And our rovers will be there to watch the whole thing.
This weekend, a rare and ancient comet is going to fly extremely close to Mars, and it's predicted to put on quite a show.
In fact, it'll pass Mars at a distance of 139,500 kilometres - just one third of the distance from here to the Moon. That's much, much closer then any comet has ever flown by Earth, that we know of.
The comet's being called the Siding Spring Comet, after the Australian observatory from where it was detected, and it's a long way from home - it's already spent millions of years travelling from the Oort cloud, a mass of icy comets that hangs frozen at the furthest reaches of our Solar System, at a mind-blowing speed of around 56 kilometres a second.
These Oort cloud comets are extremely rare, and astronomers are keen to find out more about them. Luckily, our Mars rovers and orbiters will be watching the fly-by closely - along with the Hubble Space Telescope and hundreds of other instruments on Earth.
As NASA explained in a press release:
Comets from the Oort cloud are both ancient and rare. Since this is Comet Siding Spring's first trip through the inner solar system, scientists are excited to learn more about its composition and the effects of its gas and dust on the Mars upper atmosphere. NASA will be watching closely before, during, and after the flyby with its entire fleet of Mars orbiters and rovers, along with the Hubble Space Telescope and dozens of instruments on Earth. The encounter is certain to teach us more about Oort cloud comets, the Martian atmosphere, and the solar system's earliest ingredients.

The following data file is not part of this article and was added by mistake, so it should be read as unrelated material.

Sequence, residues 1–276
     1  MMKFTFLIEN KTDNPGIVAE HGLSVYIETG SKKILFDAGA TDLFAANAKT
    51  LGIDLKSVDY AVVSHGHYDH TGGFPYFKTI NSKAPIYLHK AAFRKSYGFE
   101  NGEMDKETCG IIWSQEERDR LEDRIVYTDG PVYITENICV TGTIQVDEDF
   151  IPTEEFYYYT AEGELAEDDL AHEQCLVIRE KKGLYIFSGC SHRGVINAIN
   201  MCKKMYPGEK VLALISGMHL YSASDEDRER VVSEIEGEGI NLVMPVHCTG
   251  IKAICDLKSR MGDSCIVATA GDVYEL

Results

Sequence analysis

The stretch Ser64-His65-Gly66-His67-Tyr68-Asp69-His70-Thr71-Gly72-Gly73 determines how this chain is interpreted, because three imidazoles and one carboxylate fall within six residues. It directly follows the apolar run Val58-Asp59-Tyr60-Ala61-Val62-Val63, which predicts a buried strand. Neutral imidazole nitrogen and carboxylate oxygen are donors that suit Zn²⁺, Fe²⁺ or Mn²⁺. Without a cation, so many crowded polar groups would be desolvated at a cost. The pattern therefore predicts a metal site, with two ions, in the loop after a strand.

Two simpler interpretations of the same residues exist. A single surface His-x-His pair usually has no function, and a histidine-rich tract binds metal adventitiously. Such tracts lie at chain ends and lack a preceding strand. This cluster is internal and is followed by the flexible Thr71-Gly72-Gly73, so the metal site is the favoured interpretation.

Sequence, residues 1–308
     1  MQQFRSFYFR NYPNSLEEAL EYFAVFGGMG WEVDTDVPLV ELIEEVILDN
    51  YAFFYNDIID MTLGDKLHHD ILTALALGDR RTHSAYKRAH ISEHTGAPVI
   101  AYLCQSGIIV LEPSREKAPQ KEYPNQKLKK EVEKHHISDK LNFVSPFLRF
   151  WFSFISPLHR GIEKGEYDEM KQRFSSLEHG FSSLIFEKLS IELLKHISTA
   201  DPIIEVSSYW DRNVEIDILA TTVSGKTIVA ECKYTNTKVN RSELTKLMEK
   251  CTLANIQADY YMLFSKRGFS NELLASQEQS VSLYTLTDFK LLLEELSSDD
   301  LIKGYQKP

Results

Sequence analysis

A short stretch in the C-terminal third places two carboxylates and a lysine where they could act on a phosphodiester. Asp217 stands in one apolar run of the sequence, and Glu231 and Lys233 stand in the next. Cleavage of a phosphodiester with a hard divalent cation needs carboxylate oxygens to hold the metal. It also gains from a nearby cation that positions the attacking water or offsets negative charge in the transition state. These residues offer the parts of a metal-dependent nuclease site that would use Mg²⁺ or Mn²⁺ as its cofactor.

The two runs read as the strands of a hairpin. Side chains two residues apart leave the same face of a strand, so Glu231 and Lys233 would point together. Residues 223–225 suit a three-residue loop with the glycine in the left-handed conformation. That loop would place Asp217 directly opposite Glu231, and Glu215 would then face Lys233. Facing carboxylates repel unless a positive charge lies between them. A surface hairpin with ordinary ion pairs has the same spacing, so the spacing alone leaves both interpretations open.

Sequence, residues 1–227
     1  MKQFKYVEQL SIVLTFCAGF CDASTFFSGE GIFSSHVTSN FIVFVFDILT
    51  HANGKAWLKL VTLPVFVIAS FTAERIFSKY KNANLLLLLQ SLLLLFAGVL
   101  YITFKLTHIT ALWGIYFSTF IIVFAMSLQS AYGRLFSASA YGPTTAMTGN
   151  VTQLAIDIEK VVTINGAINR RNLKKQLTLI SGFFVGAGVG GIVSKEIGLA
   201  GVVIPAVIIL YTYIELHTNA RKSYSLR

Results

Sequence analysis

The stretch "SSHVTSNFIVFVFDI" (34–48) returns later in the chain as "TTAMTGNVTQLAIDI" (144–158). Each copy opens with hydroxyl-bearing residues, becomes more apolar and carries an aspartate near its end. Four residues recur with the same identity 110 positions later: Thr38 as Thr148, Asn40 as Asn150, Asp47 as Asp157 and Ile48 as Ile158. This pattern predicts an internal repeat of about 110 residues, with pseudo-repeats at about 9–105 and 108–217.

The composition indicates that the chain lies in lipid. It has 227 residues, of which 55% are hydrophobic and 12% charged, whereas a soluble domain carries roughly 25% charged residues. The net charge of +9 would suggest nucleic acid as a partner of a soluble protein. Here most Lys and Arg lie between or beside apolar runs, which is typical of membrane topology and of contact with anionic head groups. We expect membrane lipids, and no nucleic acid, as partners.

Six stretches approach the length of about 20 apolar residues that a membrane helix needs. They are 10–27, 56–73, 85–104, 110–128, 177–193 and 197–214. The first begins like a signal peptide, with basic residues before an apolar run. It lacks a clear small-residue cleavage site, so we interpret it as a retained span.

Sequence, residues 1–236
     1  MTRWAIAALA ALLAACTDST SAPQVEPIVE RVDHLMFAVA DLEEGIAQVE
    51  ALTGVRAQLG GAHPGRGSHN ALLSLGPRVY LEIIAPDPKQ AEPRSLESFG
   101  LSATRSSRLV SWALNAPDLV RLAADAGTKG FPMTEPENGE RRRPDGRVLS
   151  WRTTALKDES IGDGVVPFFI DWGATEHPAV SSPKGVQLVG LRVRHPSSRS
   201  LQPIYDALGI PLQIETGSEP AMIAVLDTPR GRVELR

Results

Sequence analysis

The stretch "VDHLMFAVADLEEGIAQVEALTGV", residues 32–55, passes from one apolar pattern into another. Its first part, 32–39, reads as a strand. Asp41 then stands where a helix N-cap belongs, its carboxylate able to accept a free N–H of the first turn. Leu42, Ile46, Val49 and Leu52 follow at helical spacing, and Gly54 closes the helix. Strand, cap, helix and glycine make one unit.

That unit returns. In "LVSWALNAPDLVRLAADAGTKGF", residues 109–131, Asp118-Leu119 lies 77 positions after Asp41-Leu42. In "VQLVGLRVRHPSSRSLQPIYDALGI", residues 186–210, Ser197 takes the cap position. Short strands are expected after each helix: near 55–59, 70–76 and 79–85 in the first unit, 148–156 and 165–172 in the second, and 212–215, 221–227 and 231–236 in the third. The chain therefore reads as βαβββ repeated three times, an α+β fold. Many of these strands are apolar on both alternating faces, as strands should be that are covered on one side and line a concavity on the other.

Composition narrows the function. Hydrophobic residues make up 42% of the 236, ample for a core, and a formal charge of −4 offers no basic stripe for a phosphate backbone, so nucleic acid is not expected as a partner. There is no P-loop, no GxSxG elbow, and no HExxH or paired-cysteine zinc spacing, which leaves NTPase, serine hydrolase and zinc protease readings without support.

There's no danger to Curiosity on the surface of Mars as the rover is protected by the planet's thin atmosphere. However, there's the small chance that the dust and debris from the comet's tail will damage the spacecraft orbiting Mars, such as Maven and India's Mangalyaan. NASA is now "taking steps to protect is Mars orbiters, while preserving opportunities to gather valuable scientific data". This all goes down around 2.27pm New York Time, or 5.27am on Monday in Australia.
Fingers crossed for our robot explorers out there, we'll be thinking of you guys.
Watch the narrated NASA video below to see a simulation of how the fly-by will look from Mars:
Find out more about the comet over at NASA.